Hoover Archives preserves not only paper documents but a wealth of historic materials in other formats: photographs, films, sound recordings, memorabilia, and art. Some Hoover art collections are well known, including the imperial-era Russian art treasures of Nikolai Bazily, the European political cartoons of Louis Raemaekers, the Gulag paintings and drawings of Thomas Sgovio. Others are less well known, such as the Mieczyslaw Jalowiecki drawings of historic manor houses and palaces in historic Poland-Lithuania, lands that include not only present-day Poland and Lithuania, but Belarus, as well as much of Ukraine and Latvia. Among the more than one thousand watercolored pencil drawings preserved in the collection is that of Jalowiecki’s ancestral manor of Sylgudyszki (Lithuanian, Saldutiskis] as it looked before the ravages of the two world wars and half century of Soviet occupation. That image may provide the basis of a restoration project, according to Lithuanian cultural heritage authorities who contacted Maciej Siekierski, Hoover’s European curator.
Mieczyslaw Jalowiecki was born to a prominent Polish landowning family of northern Lithuania in 1876. He studied in St. Petersburg, Riga, and several German universities, completing degrees in agriculture and agricultural economics. His career in Russian civil service, in agricultural finance, and in business, gave him the opportunity to travel and to develop an intimate knowledge of the economic and cultural landscape of Lithuania and its neighborhood. Shortly before World War I, Jalowiecki was elected president of the assembly of the nobility of northeastern Lithuania. The war devastated the region and disrupted the lives of most of its inhabitants. Jalowiecki lost virtually everything. His ancestral Sylgudyszki, with thousands of acres of meticulously managed farmland and forests, was nationalized by the government of the newly independent Lithuania, and he moved to Poland. Because of his economic expertise and knowledge of German affairs, the Polish government appointed him to be its representative in the city of Gdansk (Danzig). Here, during 1919-20, he was able to open the port facilities to arriving American food and humanitarian relief for Poland, which was organized by Herbert Hoover. He spent the remaining interwar years farming on his wife’s estate in western Poland.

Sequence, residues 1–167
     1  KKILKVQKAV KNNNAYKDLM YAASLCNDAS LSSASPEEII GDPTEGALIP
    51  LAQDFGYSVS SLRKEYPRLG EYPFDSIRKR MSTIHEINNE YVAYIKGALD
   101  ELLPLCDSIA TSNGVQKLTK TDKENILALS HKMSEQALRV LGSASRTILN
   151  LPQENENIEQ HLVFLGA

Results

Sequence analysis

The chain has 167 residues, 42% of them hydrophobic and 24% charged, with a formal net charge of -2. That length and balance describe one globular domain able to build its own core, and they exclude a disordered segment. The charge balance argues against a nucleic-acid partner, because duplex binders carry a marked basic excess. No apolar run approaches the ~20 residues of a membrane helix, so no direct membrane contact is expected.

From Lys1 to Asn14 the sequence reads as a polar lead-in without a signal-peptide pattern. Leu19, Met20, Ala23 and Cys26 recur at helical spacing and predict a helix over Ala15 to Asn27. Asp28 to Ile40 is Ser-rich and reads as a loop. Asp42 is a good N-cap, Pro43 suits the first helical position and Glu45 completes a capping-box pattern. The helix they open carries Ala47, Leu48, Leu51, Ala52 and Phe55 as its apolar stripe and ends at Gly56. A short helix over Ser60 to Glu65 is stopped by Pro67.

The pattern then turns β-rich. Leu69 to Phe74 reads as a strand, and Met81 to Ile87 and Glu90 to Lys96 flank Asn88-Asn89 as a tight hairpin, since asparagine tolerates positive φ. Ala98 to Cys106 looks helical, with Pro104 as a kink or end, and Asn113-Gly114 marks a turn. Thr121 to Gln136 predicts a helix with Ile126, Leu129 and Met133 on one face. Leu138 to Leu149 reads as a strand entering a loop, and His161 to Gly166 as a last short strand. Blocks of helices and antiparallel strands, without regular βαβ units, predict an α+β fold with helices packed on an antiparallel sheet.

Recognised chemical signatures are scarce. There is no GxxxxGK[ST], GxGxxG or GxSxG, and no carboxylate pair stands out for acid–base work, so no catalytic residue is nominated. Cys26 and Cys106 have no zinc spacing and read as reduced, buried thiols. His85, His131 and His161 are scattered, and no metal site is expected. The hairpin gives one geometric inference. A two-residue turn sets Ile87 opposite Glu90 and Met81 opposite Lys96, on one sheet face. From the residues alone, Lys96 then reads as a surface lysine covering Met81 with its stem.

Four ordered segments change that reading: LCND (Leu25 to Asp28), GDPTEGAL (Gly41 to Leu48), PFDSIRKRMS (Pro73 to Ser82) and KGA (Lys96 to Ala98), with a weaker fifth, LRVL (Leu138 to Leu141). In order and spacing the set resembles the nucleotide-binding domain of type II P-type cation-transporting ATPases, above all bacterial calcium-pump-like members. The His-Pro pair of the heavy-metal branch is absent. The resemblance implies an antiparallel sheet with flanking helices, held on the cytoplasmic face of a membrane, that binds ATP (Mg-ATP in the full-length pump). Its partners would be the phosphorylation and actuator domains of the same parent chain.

World War II took him ever farther from the beloved lands of his ancestors and his youth. As a refugee in Allied London, he worked for the Polish government in exile, publishing pamphlets and textbooks on a variety of subjects. The war ended with East Central Europe under Soviet occupation and hundreds of thousands of Polish refugees unable to return to their homeland of whom Jalowiecki was one. From the standpoint of his literary and artistic legacy, these postwar London years were his most productive. Living in very modest circumstances, well into his seventies and eighties, he spent virtually all of his time writing his memoirs, drawing, and painting. Taking advantage of the private photographic and iconographic collections of the Polish émigré community, the resources of the British Museum, and his own near-photographic memory, Jalowiecki re-created the world of his youth, in his sixteen-volume memoirs and in more than a thousand detailed views of country manors, palaces, and landscapes of Poland, Lithuania, Latvia, Belarus, and Ukraine. Each view is accompanied by detailed information on former owners and, whenever possible, builders and architects. Jalowiecki died in London in 1962; his manuscripts and watercolors were acquired by the Hoover Archives a few years later. Because of the massive destruction wreaked by World War II, the many decades of deliberate neglect under communism, and limited surviving documentation, Jalowiecki’s drawings have become a valuable source of information on the region’s architectural heritage. In some cases, as the modest country manor of Sylgudyszki, they are the only available representations. As the independent countries that emerged from the western reaches of the Soviet Union become more prosperous and able to expand their programs of architectural preservation and restoration, this Hoover Archives’ collection will likely continue to receive researchers’ attention.